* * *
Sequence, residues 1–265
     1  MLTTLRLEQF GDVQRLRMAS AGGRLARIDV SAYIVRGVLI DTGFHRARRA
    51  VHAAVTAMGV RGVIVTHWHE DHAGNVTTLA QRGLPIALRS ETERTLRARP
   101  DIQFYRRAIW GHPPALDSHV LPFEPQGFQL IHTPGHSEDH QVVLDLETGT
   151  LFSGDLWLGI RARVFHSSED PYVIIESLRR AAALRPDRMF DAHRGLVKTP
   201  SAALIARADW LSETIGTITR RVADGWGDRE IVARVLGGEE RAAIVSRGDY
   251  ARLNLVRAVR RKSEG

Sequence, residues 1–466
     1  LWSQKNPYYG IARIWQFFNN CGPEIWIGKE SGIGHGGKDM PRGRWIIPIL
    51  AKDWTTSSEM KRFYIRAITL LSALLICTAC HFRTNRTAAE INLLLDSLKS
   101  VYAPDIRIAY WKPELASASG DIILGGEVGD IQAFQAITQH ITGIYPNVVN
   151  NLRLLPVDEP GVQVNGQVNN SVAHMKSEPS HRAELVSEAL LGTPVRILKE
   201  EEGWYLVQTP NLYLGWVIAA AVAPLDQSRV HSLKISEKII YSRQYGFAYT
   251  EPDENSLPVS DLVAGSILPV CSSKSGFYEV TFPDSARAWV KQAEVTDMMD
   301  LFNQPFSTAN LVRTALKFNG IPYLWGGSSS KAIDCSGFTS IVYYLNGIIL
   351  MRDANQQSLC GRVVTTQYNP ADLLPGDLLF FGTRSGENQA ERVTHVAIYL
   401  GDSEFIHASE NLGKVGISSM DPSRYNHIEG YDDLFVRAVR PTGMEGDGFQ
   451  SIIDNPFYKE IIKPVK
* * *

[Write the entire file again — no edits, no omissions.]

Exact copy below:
Sequence, residues 1–265
     1  MLTTLRLEQF GDVQRLRMAS AGGRLARIDV SAYIVRGVLI DTGFHRARRA
    51  VHAAVTAMGV RGVIVTHWHE DHAGNVTTLA QRGLPIALRS ETERTLRARP
   101  DIQFYRRAIW GHPPALDSHV LPFEPQGFQL IHTPGHSEDH QVVLDLETGT
   151  LFSGDLWLGI RARVFHSSED PYVIIESLRR AAALRPDRMF DAHRGLVKTP
   201  SAALIARADW LSETIGTITR RVADGWGDRE IVARVLGGEE RAAIVSRGDY
   251  ARLNLVRAVR RKSEG

Sequence, residues 1–466
     1  LWSQKNPYYG IARIWQFFNN CGPEIWIGKE SGIGHGGKDM PRGRWIIPIL
    51  AKDWTTSSEM KRFYIRAITL LSALLICTAC HFRTNRTAAE INLLLDSLKS
   101  VYAPDIRIAY WKPELASASG DIILGGEVGD IQAFQAITQH ITGIYPNVVN
   151  NLRLLPVDEP GVQVNGQVNN SVAHMKSEPS HRAELVSEAL LGTPVRILKE
   201  EEGWYLVQTP NLYLGWVIAA AVAPLDQSRV HSLKISEKII YSRQYGFAYT
   251  EPDENSLPVS DLVAGSILPV CSSKSGFYEV TFPDSARAWV KQAEVTDMMD
   301  LFNQPFSTAN LVRTALKFNG IPYLWGGSSS KAIDCSGFTS IVYYLNGIIL
   351  MRDANQQSLC GRVVTTQYNP ADLLPGDLLF FGTRSGENQA ERVTHVAIYL
   401  GDSEFIHASE NLGKVGISSM DPSRYNHIEG YDDLFVRAVR PTGMEGDGFQ
   451  SIIDNPFYKE IIKPVK